The really cool part is that I can read while cooking, cleaning, or exercising. Try reading a regular book while making the bed or going for a brisk afternoon walk!

The readers all have good voices and they make the books come to life. I can listen to excerpts of the books online, and choose the ones I like. Some of them have animations, for example travel books take you right to the harbor and you can hear the fog horn in the distance, or to the metropolis where you can actually hear conversations with the locals. Pretty cool stuff.

Books, books everywhere, and not a one is read

The doctors I saw were often hesitant about strabismus surgery. They frequently warned me that it is such a precise surgery that it could make things worse instead of better.

As I entered my 50’s, I still bought books, but it was getting harder and harder to read them. The internet was coming into bloom about that time, and I found it easier to read things online. The nature of web pages is that they are brief and concise. I could often read an entire website without losing my focus.

That soon changed also, as the web flourished and websites collected more and more material. But I never imagined a day when I could barely focus long enough to read even a few paragraphs. Surely the doctors would rescue me with surgery before that happened.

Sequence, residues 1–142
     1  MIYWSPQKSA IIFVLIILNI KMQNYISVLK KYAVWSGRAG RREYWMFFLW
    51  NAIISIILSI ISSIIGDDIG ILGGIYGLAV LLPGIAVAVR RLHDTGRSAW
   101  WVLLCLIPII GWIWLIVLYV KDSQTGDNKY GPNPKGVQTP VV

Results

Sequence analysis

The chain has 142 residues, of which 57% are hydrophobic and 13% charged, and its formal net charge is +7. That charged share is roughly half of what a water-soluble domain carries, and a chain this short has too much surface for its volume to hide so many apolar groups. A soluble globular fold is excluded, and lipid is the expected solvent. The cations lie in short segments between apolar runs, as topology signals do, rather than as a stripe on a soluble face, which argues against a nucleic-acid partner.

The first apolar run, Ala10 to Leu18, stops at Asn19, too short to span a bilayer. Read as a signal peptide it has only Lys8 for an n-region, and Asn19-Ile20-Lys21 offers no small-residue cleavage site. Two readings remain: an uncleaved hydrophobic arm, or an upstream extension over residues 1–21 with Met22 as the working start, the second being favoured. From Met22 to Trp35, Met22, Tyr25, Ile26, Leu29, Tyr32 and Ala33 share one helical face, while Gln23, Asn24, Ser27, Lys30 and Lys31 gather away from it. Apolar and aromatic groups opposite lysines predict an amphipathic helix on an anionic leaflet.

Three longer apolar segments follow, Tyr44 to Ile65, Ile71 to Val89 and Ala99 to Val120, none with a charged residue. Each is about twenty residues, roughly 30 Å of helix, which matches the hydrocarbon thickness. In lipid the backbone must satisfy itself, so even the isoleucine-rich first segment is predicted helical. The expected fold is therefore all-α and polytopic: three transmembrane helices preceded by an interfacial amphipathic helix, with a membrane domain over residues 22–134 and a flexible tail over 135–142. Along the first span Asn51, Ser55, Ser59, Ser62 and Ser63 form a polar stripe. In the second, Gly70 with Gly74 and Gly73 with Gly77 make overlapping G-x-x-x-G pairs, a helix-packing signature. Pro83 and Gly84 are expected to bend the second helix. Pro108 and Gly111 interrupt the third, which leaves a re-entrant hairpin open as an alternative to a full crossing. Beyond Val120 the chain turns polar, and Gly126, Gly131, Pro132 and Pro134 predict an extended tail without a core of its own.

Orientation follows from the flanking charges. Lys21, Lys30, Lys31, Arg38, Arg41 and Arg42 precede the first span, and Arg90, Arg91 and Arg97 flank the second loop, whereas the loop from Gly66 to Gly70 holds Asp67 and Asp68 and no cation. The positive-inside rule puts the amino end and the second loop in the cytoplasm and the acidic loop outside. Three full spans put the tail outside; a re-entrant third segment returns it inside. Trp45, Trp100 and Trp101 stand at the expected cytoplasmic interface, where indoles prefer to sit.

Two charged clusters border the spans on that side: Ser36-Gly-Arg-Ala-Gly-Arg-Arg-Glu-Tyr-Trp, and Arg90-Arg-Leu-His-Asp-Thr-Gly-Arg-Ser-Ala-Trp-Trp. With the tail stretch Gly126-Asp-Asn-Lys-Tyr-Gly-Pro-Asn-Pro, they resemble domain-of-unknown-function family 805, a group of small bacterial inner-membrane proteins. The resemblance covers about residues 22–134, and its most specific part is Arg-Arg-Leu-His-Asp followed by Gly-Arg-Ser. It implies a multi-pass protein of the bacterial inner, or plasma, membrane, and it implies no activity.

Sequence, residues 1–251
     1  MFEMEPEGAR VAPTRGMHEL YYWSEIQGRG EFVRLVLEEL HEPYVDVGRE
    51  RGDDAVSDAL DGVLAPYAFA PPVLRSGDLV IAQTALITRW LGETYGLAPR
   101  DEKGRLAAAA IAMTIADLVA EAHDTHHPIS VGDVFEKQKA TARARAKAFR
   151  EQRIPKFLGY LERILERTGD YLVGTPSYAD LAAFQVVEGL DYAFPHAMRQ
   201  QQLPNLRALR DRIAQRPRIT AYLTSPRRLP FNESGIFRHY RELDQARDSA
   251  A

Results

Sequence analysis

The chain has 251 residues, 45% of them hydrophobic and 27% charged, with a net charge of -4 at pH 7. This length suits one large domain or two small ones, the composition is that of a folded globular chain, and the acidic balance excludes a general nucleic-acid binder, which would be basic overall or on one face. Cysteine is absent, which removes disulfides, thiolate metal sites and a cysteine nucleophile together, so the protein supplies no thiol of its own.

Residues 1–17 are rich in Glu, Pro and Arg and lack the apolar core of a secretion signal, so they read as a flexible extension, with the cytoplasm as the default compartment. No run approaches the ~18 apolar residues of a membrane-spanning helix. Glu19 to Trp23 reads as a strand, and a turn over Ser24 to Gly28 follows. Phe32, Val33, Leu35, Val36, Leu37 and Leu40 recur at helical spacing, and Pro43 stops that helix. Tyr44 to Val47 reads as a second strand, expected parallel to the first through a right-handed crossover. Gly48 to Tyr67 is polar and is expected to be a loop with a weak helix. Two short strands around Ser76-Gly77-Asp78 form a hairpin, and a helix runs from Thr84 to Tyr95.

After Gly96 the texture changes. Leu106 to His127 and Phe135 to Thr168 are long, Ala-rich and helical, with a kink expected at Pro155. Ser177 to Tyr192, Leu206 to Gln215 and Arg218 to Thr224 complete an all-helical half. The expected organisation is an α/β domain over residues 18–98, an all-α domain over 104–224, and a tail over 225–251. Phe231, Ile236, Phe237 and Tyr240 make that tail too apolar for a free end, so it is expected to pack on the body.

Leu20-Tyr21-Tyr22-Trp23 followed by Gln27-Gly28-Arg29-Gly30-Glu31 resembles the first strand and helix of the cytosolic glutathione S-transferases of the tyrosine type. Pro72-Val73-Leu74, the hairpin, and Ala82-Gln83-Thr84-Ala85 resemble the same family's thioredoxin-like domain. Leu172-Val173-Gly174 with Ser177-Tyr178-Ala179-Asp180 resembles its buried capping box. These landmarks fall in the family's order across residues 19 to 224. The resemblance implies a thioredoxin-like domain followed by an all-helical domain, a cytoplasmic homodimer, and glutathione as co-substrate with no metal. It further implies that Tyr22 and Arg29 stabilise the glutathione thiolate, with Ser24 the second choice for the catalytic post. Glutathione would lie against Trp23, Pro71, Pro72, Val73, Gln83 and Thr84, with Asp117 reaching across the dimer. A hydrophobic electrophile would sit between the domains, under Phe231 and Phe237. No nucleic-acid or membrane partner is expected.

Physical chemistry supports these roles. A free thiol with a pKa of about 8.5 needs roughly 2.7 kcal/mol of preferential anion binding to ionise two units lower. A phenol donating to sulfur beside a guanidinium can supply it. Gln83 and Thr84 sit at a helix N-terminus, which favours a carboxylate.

If your strabismus gets bad enough…

During my 20’s and 30’s I continued to be an avid reader. My family used to quickly steer me away from books when we were shopping. “Don’t let Mom start looking at those books, or we’ll be here all day!”

I had discarded my prism glasses while I was in nursing school. My Ophthalmologist said they would weaken my eye muscles by allowing the eyes to drift and still see. By forcing my eyes to focus without them, I’d be strengthening the eye muscles.

I saw several Opthalmologists and Optometrists during the next 2 decades. When I was in my late 30’s, I had to have glasses again, but only for reading. I always asked them, “Isn’t there anything else we can do? It is getting harder for me to maintain my focus to read.”

The answer I most often got is, “If it gets bad enough, we can do surgery.”

I always wondered, “What do they consider ‘bad enough’?”